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Which patient should be referred to an electrophysiologist: supraventricular tachycardia
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  1. Richard J Schilling
  1. Correspondence to:
    Dr Richard Schilling, Cardiology Department, St Barts Hospital, West Smithfield. London EC1 7BE, UK;
    richard.schilling{at}bartsandthelondon.nhs.uk

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The management of supraventricular tachycardia (SVT) has changed considerably over the last 10 years, and some of the techniques that interventional electrophysiologists were using last year are now outdated. This rapid evolution means that many cardiologists who do not specialise in this field find it difficult to keep up to date with the optimum strategies for the investigation and treatment of arrhythmia. This review aims to give an update on the available treatment options and their outcomes, and provide a guide to appropriate referral to specialist interventional cardiac electrophysiologists.

CLASSIFICATION AND AETIOLOGY OF SUPRAVENTRICULAR ARRHYTHMIAS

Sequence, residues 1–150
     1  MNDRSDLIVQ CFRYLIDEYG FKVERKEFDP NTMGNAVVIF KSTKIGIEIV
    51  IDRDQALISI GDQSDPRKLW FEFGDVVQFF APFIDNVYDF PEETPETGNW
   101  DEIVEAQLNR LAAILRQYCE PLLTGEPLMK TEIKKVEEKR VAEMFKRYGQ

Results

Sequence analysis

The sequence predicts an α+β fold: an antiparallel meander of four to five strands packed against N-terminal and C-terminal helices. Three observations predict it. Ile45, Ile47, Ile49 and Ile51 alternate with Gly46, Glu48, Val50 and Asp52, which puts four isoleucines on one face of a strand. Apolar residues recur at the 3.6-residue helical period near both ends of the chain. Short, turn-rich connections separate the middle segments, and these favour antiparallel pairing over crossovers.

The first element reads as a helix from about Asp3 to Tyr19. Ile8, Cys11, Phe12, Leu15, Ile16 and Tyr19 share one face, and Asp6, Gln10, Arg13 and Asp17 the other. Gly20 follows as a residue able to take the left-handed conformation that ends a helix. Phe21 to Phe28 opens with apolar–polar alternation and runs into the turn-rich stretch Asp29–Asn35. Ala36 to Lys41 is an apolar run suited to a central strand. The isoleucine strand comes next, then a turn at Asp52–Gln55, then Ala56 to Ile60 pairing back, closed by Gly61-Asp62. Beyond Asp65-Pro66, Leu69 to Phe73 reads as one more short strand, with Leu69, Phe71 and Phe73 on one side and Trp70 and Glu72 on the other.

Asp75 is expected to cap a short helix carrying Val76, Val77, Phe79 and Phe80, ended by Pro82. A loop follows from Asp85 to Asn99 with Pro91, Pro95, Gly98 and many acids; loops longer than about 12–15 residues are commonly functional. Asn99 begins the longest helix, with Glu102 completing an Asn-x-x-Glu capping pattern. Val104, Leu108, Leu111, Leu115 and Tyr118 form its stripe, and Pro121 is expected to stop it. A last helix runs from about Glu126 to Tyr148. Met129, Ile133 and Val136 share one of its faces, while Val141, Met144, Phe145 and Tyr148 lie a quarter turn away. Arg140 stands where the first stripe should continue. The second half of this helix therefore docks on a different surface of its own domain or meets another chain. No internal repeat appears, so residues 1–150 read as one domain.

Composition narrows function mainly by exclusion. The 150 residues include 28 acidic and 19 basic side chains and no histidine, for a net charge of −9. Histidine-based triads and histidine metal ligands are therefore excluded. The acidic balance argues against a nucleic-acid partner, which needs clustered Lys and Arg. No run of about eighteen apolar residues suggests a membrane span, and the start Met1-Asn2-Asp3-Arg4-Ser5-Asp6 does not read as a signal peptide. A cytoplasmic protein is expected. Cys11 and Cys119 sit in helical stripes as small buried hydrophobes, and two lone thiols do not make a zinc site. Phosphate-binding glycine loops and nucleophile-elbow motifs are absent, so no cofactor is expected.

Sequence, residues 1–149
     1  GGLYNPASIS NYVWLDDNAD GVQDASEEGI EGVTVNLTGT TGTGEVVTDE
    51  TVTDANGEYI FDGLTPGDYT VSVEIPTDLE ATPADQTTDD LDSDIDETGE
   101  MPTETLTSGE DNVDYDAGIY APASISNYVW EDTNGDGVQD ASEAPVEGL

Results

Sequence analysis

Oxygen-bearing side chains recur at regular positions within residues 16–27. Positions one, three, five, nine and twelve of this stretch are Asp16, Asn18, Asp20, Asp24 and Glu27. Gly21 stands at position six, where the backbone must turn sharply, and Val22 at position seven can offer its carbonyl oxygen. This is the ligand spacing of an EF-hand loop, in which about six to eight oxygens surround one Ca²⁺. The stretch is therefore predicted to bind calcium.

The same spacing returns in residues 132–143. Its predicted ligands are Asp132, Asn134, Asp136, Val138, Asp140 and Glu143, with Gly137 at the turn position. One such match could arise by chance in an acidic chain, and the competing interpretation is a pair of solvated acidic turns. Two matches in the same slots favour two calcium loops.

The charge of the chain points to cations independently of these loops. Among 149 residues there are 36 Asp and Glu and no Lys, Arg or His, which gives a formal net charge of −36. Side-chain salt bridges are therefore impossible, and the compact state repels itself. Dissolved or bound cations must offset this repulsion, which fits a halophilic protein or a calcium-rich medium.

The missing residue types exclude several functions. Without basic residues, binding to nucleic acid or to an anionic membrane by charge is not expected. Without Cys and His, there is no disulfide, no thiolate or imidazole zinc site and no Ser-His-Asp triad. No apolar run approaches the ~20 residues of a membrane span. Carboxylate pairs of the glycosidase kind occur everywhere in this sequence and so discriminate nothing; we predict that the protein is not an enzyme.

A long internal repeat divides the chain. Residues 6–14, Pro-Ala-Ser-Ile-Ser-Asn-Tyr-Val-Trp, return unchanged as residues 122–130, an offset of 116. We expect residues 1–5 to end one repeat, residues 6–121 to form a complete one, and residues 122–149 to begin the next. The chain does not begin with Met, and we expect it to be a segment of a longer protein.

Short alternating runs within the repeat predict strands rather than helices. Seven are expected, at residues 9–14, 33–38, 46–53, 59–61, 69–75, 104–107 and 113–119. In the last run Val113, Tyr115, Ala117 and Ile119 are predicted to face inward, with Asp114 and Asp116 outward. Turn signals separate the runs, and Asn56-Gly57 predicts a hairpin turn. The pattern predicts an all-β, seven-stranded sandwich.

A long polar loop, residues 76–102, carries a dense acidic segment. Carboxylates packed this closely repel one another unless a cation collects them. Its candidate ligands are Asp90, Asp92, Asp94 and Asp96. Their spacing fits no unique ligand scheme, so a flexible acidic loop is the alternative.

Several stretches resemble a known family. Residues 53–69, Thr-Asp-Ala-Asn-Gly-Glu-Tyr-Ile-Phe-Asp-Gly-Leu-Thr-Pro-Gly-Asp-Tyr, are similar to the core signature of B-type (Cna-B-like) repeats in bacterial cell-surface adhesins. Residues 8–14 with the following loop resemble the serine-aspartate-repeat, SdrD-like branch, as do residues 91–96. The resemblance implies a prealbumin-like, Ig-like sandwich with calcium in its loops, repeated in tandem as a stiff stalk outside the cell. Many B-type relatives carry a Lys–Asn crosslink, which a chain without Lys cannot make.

Most tachycardia has a re-entry mechanism (fig 1) and the classification of most arrhythmias is based on the location of this re-entry circuit. Tachycardia can be categorised as ventricular (involving the ventricle ± the His-Purkinje system only) and supraventricular (involving the supra-hisian structures with or without ventricular tissue). They can then be subdivided into regular or irregular tachycardia. Irregular SVTs—that is, atrial fibrillation (AF)—are less amenable to catheter ablation than regular SVT, but catheter ablation may be possible in selected patients. Regular SVTs can be cured by catheter ablation with high success rates (95–99%) and low complication rates (< 1%). Regular SVTs take the form of:

  • atrioventricular re-entry tachycardias (AVRT), using the ventricle as part of the circuit; these tachycardias are dependent on the presence of an accessory atrioventricular (AV) pathway (fig 2)

  • atrioventricular nodal re-entry tachycardia (AVNRT), where the re-entry circuit is within the AV node and the ventricle plays no part in maintaining the arrhythmia (fig 3)

  • atrial tachycardia, where the re-entry circuit does not involve any part of the AV junction. Examples are atrial flutter (fig 4) or ectopic atrial tachycardia (AT) (fig 5).

Figure 1

Diagrammatic representation of the mechanisms of re-entry. (1) A wavefront (arrows), initiated in a normal fashion in the sinus node, passes around an obstacle …

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